I look at the ceaseless back and forth of opinion, declaration, review, argument, excitement and comment that SF, Fantasy and Horror are engaged in on the internet, in print and in conversation (the latter generally in the pub, it must be said) and it is clear that we are having a very informed, passionate and ongoing conversation with…ourselves.
Make no mistake, this is wonderful. I can’t think of another area of literary endeavour that is both supported and critiqued quite as strongly as SF, Fantasy and Horror. We’ve been talking like this since the first fan magazines, the first conventions. The internet has taken the conversation to a whole other level. It’s fantastic and it’s a model (like all the best models this one grew by accident and was honed by use) that other parts of the industry are now looking to repeat with their own newsletters, twitter feeds and reading groups; trying to create and then trying to reach out to an informed and dedicated following for all sorts of literary (and not so literary) genres. This level of conversation within SF, Fantasy and Horror’s support networks means that we have a core readership that are uniquely engaged in what we do.
There’s that worry again; we’re really just talking to ourselves aren’t we? Preaching to the converted. Or arguing the finer points of our theology with those on the other side of a schism in our faith. Who is talking to the unbelievers? Who is taking the message out to the heathen mainstream? Where are the missionaries? Where, in short, are the hell we going to get new readers for all these wonderful books from?
I mean, look at our awards. I’m sorry to say that for all their abundant significance to us, for all that we should celebrate the profound achievement of the authors who win them, their award makes not a jot of difference to sales of the winning books. Let alone the shortlisted ones. You see, we’re all so well-informed (or think we are), we’re such a small coterie, that the genre awards simply can’t bring enough new to enough new readers. And isn’t the whole point of an award to celebrate the best and by so doing bring new people to it? To be fair, this is true of pretty much every award in every area of publishing outside of perhaps the Orange Prize, the Costa or the Man Booker.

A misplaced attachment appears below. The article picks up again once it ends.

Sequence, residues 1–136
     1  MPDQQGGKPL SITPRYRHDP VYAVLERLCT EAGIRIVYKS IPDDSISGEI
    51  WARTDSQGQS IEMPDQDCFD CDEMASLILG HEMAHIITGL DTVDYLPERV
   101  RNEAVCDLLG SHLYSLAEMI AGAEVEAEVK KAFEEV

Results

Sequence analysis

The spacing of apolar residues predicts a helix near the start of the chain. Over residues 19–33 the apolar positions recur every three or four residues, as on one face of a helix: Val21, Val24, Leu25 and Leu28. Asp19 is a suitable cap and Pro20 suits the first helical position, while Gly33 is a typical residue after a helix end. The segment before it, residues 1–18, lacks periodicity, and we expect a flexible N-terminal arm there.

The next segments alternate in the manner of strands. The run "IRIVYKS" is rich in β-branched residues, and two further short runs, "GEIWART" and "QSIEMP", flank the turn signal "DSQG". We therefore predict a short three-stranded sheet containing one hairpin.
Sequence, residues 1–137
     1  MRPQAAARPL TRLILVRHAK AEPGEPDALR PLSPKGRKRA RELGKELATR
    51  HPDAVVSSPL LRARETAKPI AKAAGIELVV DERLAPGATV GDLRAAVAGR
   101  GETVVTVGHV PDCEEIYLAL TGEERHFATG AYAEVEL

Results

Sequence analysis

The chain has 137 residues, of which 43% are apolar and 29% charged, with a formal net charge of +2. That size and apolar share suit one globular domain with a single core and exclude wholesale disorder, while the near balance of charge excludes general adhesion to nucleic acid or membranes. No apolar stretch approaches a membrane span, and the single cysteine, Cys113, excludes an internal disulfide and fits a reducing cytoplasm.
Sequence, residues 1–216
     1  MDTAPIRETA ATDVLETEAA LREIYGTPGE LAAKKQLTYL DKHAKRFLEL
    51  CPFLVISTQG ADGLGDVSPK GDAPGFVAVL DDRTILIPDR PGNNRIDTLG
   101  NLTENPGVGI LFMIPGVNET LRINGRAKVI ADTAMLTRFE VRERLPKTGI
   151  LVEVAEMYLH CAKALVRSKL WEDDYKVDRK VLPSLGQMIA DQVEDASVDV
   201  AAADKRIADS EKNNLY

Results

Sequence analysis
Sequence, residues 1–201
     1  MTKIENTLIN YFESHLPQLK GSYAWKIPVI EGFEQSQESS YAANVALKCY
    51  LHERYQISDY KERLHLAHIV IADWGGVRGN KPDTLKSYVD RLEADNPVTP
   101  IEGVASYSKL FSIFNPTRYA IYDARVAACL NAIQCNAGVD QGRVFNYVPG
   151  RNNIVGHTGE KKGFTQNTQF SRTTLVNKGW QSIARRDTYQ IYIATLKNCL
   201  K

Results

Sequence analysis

If only a ‘proper SF book’ (whatever that means) could be even shortlisted for the Booker (don’t worry I’m not going to get onto that particular hobbyhorse)…
I sometimes wonder whether the mainstream and literary markets, even by just occasionally indulging in older genre ideas and treating them with (from religious analogy to art world) broader brush strokes and colours that are easier on the untrained eye, are not going to be more successful at showing to a broader readership what SF and Fantasy can do. Whether it be Audrey Niffenegger, (not Margaret Atwood – she’s just one of us OK? Argument closed), Kazuo Ishiguro, Philip Roth, Will Self or even, God help us all, Martin Amis aren’t those mainstream writers who dip into genre actually doing more to take our argument out there than we are? And this is without considering those fantastic and unashamed genre writers, the likes of David Mitchell and Lauren Beukes who are published under the aegis of mainstream houses and who therefore have the chance of getting their conversation heard by believer and heathen alike.
Now this is not to say that I think our genres should turn the volume of their ideas down from 11 to 4 (from religion, to art, to music! See how my ragged style jumps from unsuitable analogy to unsuitable analogy!), pull their indy and their hip-hop and their grime back to the middle of the road. Far from it. You don’t apologise for your genre, you celebrate it. Much of SFF’s appeal, much of its importance comes from its willingness to be narrowly directed, to pull the reader ahead , to push at boundaries. But I do think it would do us no harm at all to stop being so bloody sniffy about the mainstream and literary (whatever that means) world’s occasional ‘misappropriation’ of ‘our’ cool stuff. Yes they are going to claim (in the broadsheets, on the radio; all those places we don’t get to go) that they had the idea and are better than us (just like we do) but they are at least talking to other people. We should be happy that they are, we should celebrate what they are doing. Some of the people reading them might get a whiff of the divine (back to religion; keep up!) from their books and come in search of the real, old-time religion that’s preached in our neck of the woods.